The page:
The death toll from Monday's earthquake in the Afghanistan-Pakistan border region has risen to at least 390 people. Rescue crews and disaster organizations have struggled to reach remote areas.
Rescuers and aid agencies are struggling to respond to this week's 7.5 magnitude earthquake hitting remote parts of Afghanistan and Pakistan, where mountainous terrain, damaged infrastructure and Taliban militants are slowing down relief efforts.
At least 267 people have been killed in Pakistan, the countries disaster management agency said on Wednesday. More than 10,000 homes and 147 schools have also been damaged or destroyed, officials said.
In Afghanistan, at least 115 people have died and more than 550 wounded, while more than 7,500 homes have been destroyed. Three people were also killed in Indian-controlled Kashmir.
The death toll and damage to infrastructure is likely to expand as rescue crews and governments respond to far flung communities impacted by Monday's earthquake, centered in Afghanistan's Badakhshan province bordering Pakistan, Tajikistan and China.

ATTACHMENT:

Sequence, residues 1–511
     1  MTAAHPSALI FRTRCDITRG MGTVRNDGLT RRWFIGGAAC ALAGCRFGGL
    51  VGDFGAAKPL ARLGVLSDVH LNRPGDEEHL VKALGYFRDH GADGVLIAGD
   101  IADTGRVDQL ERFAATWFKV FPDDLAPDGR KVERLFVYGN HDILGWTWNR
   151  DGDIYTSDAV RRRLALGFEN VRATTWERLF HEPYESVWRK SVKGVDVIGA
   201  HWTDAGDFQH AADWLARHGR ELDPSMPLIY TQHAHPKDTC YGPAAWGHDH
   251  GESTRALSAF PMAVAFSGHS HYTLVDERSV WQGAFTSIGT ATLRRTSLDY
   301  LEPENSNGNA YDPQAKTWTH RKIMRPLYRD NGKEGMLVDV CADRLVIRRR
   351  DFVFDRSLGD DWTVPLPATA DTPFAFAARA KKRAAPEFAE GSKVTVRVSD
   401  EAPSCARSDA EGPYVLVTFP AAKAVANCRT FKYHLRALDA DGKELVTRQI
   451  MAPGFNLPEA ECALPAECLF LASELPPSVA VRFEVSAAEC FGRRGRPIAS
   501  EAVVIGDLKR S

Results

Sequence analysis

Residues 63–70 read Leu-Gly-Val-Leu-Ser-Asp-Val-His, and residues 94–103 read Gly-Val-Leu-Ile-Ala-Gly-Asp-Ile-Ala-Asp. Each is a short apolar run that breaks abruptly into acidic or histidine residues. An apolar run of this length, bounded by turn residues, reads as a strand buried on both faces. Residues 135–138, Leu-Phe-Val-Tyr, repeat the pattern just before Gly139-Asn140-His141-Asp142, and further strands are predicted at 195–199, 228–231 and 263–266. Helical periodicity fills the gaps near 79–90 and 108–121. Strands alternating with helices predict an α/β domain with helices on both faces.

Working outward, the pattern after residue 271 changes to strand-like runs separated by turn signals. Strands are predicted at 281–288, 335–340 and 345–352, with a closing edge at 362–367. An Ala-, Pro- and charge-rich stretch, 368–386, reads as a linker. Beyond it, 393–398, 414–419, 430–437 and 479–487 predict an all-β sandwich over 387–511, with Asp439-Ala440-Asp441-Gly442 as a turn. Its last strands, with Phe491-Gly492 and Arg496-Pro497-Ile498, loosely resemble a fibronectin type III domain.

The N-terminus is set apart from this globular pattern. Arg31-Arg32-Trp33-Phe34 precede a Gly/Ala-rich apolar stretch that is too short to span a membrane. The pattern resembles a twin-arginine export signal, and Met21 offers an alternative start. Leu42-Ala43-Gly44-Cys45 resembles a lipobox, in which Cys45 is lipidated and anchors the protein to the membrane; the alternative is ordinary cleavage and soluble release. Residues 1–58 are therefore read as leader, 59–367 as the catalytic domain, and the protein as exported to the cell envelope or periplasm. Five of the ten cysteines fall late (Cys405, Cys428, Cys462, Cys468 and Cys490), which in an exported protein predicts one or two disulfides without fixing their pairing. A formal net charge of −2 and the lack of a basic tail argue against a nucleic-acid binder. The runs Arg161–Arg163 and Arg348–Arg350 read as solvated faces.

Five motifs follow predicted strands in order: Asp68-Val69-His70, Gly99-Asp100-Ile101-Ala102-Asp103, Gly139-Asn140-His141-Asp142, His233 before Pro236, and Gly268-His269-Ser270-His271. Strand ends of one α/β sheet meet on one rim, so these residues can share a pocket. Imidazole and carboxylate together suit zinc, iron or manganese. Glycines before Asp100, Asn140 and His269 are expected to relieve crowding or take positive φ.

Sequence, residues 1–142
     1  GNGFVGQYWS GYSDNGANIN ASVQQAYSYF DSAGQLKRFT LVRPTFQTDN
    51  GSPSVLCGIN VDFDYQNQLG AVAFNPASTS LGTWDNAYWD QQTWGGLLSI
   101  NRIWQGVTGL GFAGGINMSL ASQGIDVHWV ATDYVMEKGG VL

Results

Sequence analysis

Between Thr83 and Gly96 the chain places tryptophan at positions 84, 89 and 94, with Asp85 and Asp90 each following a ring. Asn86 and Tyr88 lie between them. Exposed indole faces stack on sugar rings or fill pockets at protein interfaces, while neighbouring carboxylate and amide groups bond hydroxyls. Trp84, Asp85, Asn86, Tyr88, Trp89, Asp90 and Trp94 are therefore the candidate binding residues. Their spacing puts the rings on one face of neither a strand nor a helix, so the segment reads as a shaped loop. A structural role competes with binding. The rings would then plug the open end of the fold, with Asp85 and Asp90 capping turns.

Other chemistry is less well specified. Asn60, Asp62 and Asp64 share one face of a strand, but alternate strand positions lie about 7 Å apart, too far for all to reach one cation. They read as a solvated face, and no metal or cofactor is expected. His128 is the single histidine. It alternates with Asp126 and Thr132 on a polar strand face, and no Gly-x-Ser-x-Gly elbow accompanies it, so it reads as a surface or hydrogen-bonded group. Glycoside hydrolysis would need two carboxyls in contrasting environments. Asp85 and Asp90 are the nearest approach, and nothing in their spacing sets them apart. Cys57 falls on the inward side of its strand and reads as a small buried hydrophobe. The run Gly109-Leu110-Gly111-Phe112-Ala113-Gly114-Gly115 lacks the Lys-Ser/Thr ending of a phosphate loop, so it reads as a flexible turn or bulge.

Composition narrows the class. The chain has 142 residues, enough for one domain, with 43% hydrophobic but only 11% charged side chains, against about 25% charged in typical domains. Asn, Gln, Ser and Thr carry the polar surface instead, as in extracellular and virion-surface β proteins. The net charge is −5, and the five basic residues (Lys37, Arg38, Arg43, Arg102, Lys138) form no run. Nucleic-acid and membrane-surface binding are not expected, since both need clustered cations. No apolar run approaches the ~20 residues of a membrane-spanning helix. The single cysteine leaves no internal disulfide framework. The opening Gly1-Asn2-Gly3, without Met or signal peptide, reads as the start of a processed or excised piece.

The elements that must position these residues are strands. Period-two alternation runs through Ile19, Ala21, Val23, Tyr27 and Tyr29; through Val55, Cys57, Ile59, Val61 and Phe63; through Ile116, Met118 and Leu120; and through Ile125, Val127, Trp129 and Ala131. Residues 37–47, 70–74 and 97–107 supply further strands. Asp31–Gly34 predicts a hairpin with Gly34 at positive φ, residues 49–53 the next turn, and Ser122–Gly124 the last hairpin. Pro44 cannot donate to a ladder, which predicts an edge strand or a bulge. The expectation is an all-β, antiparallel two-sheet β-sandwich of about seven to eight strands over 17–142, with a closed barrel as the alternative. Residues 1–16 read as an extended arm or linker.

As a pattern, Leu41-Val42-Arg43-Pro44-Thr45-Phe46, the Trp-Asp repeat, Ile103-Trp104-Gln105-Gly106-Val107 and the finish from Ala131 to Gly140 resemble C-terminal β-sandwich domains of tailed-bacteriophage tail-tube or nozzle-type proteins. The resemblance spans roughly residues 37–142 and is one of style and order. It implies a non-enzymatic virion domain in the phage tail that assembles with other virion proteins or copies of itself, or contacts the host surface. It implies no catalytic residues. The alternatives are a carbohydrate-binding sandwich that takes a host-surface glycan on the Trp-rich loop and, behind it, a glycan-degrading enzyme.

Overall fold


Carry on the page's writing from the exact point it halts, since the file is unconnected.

The focus of relief operations is shifting to providing food, shelter and hygiene to the thousands left homeless as winter arrives to the mountainous region.
Pakistan's military is taking the lead in the remote north parts of the country, bringing in tents, food and in some cases evacuating people with helicopter. Pakistan's disaster management agency said it has distributed 15,519 tents, 25,700 blankets and tons of food.
Pakistani Prime Minister Nawaz Sharif attended a briefing in the northwestern city of Peshawar on Wednesday, where he pledged the government would provide compensation of $2,000 (1,807 euros) to each person to rebuild their homes.
In Afghanistan, the Taliban's presence in Badakhshan has complicated relief efforts, despite the militant organization's urging aid agencies to come and offering them help. On Wednesday, the Taliban overran a district on Afghanistan's border with Tajikistan in Takhar province, which although not impacted by the earthquake, highlights the difficult security environment.
cw/kms (AFP, AP, dpa)